Psychopaths typically see rules as recommendations and laws as impediments to their progress. Their illicit activities might be quite diverse.
Criminal offences such as driving infractions, financial violations, and acts of violence are only a few instances of the wide range of crimes that may be committed.
Of course, not all of them end up in prison. Some people may run shady enterprises or participate in unethical behaviour that does not result in an arrest.
Revocation of Conditional Release.
When psychopaths are released from jail, they usually do not follow the terms of conditional release. They may believe that they will not be caught again. Alternatively, they may find methods to justify their actions. They could even blame others for “being caught.”
What are these 3 insights into why psychopaths do not have higher IQs?
Psychopaths appear to be below-average thinkers.
Manipulative, dishonest, and lacking empathy are just a few of the characteristics that define a psychopath. But, contrary to popular belief, they aren’t as cunning as they appear in movies and television shows. Psychopaths, on the whole, appear to be below-average thinkers.
You’ve almost certainly encountered a psychopath at some time in your life. According to Brian Boutwell of St Louis University in Missouri, they make up around 1% of the population.
If a person achieves a particular score on a test of psychopathic qualities, such as callousness, impulsivity, violence, and a feeling of grandiosity, they are categorised as a psychopath. “Not all psychopaths will breach the law or harm someone,” adds Boutwell, “but the chances of their doing so are higher.”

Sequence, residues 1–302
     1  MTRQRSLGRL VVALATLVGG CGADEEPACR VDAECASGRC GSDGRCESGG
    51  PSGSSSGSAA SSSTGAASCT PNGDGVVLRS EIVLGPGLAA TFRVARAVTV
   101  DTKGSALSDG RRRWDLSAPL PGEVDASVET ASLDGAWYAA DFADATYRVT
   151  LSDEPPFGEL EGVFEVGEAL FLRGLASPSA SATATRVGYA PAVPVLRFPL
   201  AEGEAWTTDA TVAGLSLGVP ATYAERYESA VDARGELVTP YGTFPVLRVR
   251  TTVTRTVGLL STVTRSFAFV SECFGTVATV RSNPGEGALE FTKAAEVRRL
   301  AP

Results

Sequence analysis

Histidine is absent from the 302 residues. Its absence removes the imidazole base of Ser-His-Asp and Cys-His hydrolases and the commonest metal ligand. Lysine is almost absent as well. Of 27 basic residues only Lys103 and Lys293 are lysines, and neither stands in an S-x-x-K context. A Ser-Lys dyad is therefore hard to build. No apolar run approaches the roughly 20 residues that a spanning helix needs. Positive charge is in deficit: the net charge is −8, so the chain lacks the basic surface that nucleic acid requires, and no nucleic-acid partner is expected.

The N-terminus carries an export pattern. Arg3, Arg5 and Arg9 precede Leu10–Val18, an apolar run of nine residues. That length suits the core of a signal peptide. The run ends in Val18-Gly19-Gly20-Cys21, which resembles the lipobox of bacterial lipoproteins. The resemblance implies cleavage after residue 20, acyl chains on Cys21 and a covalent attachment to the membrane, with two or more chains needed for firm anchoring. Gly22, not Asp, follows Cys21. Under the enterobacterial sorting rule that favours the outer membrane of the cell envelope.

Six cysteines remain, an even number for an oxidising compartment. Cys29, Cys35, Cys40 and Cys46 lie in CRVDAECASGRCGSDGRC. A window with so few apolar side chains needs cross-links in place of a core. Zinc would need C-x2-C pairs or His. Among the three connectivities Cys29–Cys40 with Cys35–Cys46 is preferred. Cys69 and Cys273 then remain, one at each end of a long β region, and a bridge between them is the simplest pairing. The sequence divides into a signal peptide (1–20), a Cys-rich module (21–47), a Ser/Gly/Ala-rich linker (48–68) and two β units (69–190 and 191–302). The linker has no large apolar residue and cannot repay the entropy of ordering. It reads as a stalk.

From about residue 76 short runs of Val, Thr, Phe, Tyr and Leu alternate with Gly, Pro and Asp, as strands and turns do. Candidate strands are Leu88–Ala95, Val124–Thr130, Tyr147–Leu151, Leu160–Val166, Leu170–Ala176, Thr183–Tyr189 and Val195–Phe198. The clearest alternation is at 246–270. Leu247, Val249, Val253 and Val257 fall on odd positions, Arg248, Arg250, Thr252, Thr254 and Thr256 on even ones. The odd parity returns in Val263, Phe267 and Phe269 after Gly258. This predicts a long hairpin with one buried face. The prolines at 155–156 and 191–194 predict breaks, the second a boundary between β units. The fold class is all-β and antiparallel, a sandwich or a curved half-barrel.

The Hannibal Lecter myth.
People have thought psychopaths had above-average intellect because they are charming and manipulative, according to Boutwell. The “Hannibal Lecter myth,” as it is known among psychologists, refers to the fictitious serial murderer, cannibal, and psychiatrist from the novel and film The Silence of the Lambs.
Boutwell, on the other hand, was not convinced. He claims that psychopaths are impulsive, has run-ins with the authorities, and frequently injure themselves. “This prompted me to believe they aren’t particularly bright.”
Psychopaths scored much worse on intellect tests on average.
Boutwell and his colleagues looked into it by analysing the data from 187 published research on IQ and psychopathy. There was a study on psychopaths in jail as well as those with high-flying occupations in these studies. They also contained a variety of intelligence tests.
Overall, the researchers discovered no indication that psychopaths are smarter than non-psychopathic persons. In reality, the connection went in the other direction. Psychopaths scored much worse on intellect tests on average.
Iowa State University’s Matt DeLisi expects that the findings may help dispel the idea of Hannibal Lecter. “The persona promoted the idea that psychopaths were very brilliant, and there were genuine offenders who embodied this, like Ted Bundy,” DeLisi explains.
“However, I’ve interviewed thousands of criminals, some of them are really psychotic, and I’ve discovered the exact reverse,” says DeLisi.
This blog post ventured into answering the question, “Do psychopaths have higher IQs?” and reviewed the various dimensions of psychopathy and the traits, behaviours and tendencies of psychopaths to help determine if psychopaths have higher IQs. Please feel free to reach out to us with any questions or comments you may have.